Finance Ministry sees growth remaining moderate

Treasury tackled why Israel's annual GDP growth has fallen from an average of 4.3% between 1991 and 2011 to roughly 3% since 2012.

July 19, 2015 18:31
1 minute read.
Karnit Flug


Don’t expect Israel’s growth rate to bounce back up to the levels seen last decade. A Finance Ministry study released Sunday concluded that Israel’s moderate economic growth rate is here to stay, at least through the medium term.

The study, released as part of a weekly economic update from the Finance Ministry, tackled why Israel’s annual GDP growth has fallen from an average of 4.3 percent between 1991 and 2011 to roughly 3% since 2012.

The main drivers of the lower growth, according to the study, were lower labor inputs and a decline in R&D investment.

Israel is near the bottom of OECD rankings on its labor productivity, which the Bank of Israel attributes in part to low levels of investment.

Demographic changes have also affected the labor supply.

Israeli Arabs and ultra-Orthodox Jews, who now account for nearly a third of the population, participate in the labor force in much lower rates than secular Jews, and on average have lower levels of education and skills.

Other problems have also contributed to slower growth.

One of them was an increase in direct taxes. Another has been increased defense spending, which pulls money away from other forms of spending that can boost the economy. Both, the study found, were drags on Israel’s economic growth.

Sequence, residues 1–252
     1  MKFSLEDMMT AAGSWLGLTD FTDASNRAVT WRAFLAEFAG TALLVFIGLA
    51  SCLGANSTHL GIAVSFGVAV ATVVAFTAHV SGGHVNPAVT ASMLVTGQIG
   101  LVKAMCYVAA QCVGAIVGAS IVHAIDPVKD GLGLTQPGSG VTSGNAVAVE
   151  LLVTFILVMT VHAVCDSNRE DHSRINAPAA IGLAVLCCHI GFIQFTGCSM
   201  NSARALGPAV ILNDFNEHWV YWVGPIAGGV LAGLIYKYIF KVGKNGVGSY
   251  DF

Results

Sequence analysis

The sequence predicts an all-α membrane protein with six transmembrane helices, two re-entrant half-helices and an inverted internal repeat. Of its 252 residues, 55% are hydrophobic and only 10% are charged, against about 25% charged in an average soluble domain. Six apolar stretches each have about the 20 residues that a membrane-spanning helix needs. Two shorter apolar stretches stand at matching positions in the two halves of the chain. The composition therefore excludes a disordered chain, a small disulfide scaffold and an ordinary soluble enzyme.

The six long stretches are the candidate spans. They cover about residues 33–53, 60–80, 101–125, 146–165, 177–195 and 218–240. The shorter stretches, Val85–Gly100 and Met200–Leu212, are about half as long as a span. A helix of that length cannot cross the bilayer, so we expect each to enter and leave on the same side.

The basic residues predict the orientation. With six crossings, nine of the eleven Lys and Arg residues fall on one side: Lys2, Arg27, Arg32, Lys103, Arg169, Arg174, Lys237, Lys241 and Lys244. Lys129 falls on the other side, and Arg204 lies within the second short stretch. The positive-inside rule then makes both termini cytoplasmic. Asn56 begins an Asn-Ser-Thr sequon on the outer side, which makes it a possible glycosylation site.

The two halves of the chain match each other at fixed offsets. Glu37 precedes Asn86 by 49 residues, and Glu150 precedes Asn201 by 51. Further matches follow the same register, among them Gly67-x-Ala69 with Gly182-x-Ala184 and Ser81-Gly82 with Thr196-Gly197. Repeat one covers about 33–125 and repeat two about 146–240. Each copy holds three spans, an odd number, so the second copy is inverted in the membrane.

The Finance Ministry predicted that Israel’s rank among OECD countries for GDP per capita will fall two spots from its current position of No. 18 by 2030 if trends do not improve. A 3% growth level implies a 1.4% annual increase in GDP per capita.

That would need to increase to 2% per capita growth if Israel is to be ranked in the top 15.

The central bank has cited a decline in exports as a central cause for moderating growth.

In a June speech, Bank of Israel Governor Karnit Flug said exports were the “productivity driver” of Israel’s economy (mostly because export-oriented industries face stiff global competition, so they must be very productive to compete).

“The troubling facts are that after the recovery from the crisis, goods exports more or less have maintained a fixed level since 2011, and growth of services exports stopped around 2012,” she said.

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